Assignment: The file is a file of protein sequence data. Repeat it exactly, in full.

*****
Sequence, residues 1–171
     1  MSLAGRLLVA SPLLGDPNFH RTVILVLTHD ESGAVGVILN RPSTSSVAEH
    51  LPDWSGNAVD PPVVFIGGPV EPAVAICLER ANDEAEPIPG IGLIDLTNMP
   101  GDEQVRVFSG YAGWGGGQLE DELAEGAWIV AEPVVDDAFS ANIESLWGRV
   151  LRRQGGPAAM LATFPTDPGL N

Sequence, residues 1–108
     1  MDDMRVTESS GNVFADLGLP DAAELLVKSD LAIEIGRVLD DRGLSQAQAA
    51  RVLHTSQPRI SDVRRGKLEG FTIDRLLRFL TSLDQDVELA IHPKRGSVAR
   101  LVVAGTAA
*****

Sequence, residues 1–171
     1  MSLAGRLLVA SPLLGDPNFH RTVILVLTHD ESGAVGVILN RPSTSSVAEH
    51  LPDWSGNAVD PPVVFIGGPV EPAVAICLER ANDEAEPIPG IGLIDLTNMP
   101  GDEQVRVFSG YAGWGGGQLE DELAEGAWIV AEPVVDDAFS ANIESLWGRV
   151  LRRQGGPAAM LATFPTDPGL N

Sequence, residues 1–108
     1  MDDMRVTESS GNVFADLGLP DAAELLVKSD LAIEIGRVLD DRGLSQAQAA
    51  RVLHTSQPRI SDVRRGKLEG FTIDRLLRFL TSLDQDVELA IHPKRGSVAR
   101  LVVAGTAA